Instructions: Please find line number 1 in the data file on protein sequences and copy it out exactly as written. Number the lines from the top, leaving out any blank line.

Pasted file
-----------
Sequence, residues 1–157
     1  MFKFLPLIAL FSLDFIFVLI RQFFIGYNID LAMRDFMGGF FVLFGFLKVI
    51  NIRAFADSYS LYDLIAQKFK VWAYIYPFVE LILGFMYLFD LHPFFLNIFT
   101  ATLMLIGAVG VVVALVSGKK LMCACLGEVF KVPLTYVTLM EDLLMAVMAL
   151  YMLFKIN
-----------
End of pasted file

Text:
Sequence, residues 1–157